Midwifery professor Denis Walsh argues that labor pain is good for women:
article for Evidence Based Midwifery, published by the Royal College of Midwives, Dr
Walsh said the NHS was too quick to give in to requests for
He said: ‘A large number of women want to avoid pain, but more
should be prepared to withstand it. Pain in labour is a purposeful,
useful thing which has a number of benefits, such as preparing a mother
for the responsibility of nurturing a newborn baby.’ [...]
He said labour pain was a timeless component of motherhood, but
warned: ‘There has been a loss of rites-of-passage meaning to
childbirth, so pain and stress are viewed negatively.’ [Daily Mail--where else?)]
The guilt trip is part of Prof. Walsh's larger crusade against epidural anesthesia for laboring women in the National Health Service.
It's one thing to argue that the risks of a particular pain-relief strategy outweigh the benefits, or to point out that some technique is often used on people who don't need it. Those are empirical questions.
It's another thing entirely to assert that women ought to endure pain for their own good. That's a dubious value judgement based on an unsupported claim about the benefits of pain.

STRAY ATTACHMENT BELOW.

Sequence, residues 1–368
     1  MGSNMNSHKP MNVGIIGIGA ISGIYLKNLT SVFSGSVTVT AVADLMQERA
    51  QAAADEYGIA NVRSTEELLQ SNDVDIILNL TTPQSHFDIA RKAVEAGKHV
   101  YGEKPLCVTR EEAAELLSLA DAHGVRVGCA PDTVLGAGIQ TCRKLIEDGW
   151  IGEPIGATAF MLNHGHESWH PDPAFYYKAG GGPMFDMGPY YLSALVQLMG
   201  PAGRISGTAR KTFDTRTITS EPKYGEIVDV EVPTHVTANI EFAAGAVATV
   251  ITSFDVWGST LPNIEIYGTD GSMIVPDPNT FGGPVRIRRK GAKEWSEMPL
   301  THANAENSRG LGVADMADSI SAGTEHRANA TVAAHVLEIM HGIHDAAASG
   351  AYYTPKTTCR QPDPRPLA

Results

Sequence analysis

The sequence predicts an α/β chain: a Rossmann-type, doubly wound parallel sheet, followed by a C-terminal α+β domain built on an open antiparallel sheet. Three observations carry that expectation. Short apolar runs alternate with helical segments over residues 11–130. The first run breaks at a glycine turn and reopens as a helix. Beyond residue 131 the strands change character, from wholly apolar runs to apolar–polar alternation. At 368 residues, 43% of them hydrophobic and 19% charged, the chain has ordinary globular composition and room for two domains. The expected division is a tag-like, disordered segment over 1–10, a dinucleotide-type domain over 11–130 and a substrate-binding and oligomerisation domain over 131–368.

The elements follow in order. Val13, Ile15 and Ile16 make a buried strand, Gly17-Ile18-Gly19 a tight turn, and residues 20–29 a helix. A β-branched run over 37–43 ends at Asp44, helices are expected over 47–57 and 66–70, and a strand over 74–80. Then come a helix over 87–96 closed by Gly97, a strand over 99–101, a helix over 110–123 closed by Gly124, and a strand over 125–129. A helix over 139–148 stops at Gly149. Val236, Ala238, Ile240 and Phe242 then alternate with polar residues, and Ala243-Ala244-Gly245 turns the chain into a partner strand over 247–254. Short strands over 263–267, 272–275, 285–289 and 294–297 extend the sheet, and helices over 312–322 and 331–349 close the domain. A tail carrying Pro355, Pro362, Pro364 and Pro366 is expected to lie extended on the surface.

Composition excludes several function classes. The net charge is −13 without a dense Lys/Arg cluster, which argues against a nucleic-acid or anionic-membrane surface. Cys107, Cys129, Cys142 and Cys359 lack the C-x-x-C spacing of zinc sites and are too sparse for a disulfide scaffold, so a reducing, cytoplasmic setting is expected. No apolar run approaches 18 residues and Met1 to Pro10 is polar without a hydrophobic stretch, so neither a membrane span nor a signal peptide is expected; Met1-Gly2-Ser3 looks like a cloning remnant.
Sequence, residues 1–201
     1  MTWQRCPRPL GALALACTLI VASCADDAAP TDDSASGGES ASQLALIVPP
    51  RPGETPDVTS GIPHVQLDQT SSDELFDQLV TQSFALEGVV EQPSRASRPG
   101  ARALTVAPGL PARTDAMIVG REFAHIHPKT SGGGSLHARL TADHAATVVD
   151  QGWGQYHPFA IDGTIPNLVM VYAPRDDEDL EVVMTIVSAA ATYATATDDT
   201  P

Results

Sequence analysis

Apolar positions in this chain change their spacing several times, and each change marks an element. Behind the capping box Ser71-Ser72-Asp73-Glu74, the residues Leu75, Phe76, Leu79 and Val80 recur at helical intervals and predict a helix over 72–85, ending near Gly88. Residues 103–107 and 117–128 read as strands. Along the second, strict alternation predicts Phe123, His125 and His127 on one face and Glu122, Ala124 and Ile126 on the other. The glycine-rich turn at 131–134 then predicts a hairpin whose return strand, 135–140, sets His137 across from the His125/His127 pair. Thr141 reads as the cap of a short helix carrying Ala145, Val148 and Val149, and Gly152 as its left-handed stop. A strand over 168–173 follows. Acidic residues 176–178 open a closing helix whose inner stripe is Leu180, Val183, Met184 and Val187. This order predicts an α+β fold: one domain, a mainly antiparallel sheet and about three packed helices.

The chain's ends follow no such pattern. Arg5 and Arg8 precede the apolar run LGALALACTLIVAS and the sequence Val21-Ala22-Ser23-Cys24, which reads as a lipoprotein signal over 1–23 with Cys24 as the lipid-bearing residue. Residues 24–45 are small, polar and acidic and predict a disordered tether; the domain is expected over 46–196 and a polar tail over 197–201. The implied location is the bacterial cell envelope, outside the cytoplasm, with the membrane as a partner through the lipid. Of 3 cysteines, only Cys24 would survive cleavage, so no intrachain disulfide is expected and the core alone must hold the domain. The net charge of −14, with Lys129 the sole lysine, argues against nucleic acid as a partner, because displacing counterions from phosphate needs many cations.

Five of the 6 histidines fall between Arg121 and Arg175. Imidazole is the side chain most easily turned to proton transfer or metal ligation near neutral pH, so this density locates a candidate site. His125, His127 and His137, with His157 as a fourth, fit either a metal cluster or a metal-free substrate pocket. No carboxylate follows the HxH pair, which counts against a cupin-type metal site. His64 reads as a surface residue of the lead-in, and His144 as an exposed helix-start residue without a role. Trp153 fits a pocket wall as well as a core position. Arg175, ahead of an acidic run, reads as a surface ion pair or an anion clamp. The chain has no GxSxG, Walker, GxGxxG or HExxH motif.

Does Walsh have studies supporting a link between labor pain and maternal responsibility? Or is that just his pet theory that he feels entitled to dispense as if it were a medical fact? If pain builds character, does he advocate torturing new dads to harden them up?
Even if it's true that labor pain confers some marginal psychological benefit, a responsible clinician would lay out the potential costs and benefits and let the patient decide. Of course, the principle applies for pain relief options. Every option from drug-free birth to general anesthesia has its own costs and benefits. It's pretty rare that any one strategy is medically necessary, so the decision should be left to the woman.
Dr. Amy Tuteur, The Skeptical OB, has a great post about the sexist roots of the anti-anesthesia evangelism. She argues that Walsh is carrying on a long and ignoble tradition of romanticizing labor pain and dismissing women's suffering.